CF Alejandro Oms
Born March 13, 1896 in Santa Clara, Cuba
Trailing only Torriente and American Oscar Charleston in lifetime winter circuit batting average (.345), this durable southpaw swinger (1922-1946) four times led the Havana League in batting, including consecutive seasons in the late 1920s. Oms also starred in the Negro Leagues from 1926 through 1935, playing with the New York-based Cuban Stars and Cubans teams.
LF Alejandro Crespo
Born February 26, 1915 in Guira de Melena, Cuba
A star fly chaser who sometimes filled in behind the plate for the Cienfuegos team throughout the 1940s, Crespo was a two-time batting champion and is Cuba’s pre-1961 all-time career pace-setter in doubles, while standing second all-time in RBIs. He is also one of only a handful to claim league RBI crowns in consecutive seasons.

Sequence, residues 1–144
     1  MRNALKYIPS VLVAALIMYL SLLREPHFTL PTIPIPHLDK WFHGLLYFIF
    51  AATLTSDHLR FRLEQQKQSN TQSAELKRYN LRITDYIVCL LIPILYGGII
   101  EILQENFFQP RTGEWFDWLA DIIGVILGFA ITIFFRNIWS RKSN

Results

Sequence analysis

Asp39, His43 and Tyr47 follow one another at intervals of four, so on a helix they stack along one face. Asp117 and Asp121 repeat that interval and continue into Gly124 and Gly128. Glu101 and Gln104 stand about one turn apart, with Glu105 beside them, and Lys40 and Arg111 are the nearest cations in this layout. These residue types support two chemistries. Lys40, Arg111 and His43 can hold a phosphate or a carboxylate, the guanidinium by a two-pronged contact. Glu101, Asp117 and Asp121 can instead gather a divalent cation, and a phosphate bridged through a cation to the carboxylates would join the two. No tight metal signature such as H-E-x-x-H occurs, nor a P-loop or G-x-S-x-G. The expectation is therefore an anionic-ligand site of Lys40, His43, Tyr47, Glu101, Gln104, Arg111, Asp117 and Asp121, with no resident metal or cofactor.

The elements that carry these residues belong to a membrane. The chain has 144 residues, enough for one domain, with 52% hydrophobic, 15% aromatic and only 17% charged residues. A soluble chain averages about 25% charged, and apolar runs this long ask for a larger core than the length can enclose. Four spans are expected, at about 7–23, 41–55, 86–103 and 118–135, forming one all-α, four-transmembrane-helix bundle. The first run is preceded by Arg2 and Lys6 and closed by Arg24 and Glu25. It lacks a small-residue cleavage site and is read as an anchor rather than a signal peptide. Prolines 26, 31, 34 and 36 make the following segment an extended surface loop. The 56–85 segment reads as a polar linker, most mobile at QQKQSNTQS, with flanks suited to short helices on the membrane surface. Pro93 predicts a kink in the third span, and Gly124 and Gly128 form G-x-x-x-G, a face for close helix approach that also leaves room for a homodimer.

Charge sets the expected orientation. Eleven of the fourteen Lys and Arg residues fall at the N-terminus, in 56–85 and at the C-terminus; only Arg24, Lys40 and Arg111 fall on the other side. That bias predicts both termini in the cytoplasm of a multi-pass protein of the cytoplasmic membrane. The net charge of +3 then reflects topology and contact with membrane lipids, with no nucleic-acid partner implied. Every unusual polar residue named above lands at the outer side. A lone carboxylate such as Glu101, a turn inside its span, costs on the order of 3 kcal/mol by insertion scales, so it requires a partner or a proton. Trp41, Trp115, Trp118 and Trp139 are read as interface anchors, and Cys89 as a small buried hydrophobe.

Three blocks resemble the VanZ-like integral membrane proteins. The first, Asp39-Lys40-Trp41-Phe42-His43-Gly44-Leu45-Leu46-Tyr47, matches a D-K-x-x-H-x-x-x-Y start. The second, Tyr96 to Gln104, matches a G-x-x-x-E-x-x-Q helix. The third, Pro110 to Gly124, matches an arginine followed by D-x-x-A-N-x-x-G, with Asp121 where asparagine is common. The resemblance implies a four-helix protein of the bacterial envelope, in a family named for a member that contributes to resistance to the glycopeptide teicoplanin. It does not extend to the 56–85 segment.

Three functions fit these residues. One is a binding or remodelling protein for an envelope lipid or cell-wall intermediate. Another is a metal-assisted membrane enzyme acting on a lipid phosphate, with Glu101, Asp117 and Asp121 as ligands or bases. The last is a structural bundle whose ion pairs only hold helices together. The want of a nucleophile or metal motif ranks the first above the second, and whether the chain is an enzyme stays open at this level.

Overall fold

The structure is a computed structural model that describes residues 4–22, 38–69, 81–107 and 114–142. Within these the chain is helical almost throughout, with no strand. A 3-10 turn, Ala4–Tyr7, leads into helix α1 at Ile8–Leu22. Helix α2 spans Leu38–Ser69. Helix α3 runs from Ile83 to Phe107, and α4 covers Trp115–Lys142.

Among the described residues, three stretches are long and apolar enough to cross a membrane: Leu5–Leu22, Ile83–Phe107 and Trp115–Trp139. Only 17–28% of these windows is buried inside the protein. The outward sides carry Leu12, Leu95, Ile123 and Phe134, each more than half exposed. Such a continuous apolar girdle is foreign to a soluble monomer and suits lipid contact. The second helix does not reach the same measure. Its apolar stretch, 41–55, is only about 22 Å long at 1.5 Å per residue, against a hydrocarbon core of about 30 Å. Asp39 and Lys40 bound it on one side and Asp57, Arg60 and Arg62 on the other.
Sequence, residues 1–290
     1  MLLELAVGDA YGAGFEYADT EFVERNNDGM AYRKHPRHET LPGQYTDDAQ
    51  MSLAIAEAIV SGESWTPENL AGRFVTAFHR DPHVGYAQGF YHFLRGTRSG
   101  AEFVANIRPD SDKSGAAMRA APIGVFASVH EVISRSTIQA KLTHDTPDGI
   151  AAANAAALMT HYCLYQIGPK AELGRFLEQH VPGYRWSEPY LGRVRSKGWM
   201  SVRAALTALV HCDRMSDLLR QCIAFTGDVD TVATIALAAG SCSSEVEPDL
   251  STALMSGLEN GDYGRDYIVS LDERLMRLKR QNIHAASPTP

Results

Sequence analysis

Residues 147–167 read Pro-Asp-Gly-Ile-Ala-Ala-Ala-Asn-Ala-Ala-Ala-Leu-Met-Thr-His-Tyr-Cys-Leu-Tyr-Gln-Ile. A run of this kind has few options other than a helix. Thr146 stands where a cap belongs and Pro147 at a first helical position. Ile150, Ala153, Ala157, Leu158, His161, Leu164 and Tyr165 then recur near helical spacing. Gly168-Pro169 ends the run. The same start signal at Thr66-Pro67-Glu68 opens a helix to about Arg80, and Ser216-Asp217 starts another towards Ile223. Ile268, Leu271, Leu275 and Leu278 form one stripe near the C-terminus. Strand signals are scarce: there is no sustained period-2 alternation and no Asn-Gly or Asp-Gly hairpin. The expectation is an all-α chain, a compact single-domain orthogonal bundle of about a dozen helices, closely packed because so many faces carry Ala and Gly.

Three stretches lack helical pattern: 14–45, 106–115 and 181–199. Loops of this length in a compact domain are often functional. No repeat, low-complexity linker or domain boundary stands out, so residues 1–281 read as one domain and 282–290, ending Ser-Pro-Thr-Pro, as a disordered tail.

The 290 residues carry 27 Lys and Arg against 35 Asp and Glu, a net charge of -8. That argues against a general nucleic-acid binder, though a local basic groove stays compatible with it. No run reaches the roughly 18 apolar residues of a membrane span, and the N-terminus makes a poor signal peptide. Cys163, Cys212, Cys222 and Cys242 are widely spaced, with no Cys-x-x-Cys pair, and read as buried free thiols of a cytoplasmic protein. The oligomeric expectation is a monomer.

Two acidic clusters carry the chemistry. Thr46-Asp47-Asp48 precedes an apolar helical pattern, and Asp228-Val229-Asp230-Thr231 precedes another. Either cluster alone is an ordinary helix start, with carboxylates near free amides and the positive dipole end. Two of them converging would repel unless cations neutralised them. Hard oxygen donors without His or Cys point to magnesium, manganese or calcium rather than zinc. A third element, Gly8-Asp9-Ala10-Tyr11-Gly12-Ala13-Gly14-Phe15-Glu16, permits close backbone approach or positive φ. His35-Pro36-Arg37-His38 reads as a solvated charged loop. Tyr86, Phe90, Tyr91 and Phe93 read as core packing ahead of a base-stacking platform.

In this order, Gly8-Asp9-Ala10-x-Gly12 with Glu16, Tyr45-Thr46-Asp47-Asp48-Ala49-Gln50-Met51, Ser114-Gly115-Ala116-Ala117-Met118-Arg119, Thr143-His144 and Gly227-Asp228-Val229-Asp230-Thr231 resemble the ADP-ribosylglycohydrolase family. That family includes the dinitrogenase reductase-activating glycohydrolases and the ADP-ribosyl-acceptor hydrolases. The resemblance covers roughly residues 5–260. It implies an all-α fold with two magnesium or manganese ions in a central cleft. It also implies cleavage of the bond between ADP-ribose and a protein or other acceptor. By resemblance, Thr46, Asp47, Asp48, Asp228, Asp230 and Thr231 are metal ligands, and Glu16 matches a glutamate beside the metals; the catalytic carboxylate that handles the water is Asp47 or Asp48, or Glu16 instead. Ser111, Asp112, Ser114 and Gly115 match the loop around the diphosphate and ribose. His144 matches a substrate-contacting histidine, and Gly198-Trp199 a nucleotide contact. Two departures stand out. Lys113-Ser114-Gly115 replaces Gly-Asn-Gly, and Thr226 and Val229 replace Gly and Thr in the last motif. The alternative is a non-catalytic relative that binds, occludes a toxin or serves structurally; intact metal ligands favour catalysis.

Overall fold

RHP Adolfo “Dolf” Luque
Born August 4, 1890 in Havana, Cuba
A colorful and temperamental star pitcher and manager in Cuba, Luque is arguably the most overlooked Latino pioneer: the first pitcher, the first to play in the World Series (1919), the first to win a World Series game (1933) and the first to 100 wins, totaling 194 over 20 seasons. More than ninety years later, Luque still shares with Bucky Walters Cincinnati’s modern-day record for victories in a season, 27 in 1923.
LHP Luis Tiant Sr.
Born August 27, 1906 in Havana, Cuba
Legendary for his phantom pickoff moves in the Negro Leagues, this diminutive southpaw was father to the more celebrated namesake MLB right-hander with the corkscrew delivery who is the winningest Cuban in MLB history. The senior Tiant was a workhorse of domestic league play across 15 seasons and as a consequence holds the record for most seasons (five) as league-leader in defeats. Went undefeated (10-0) as a starter for the 1947 New York Cubans that won the Negro World Series.
RP Conrado “Connie” Marrero
Born April 25, 1911 in Sagua la Grande, Cuba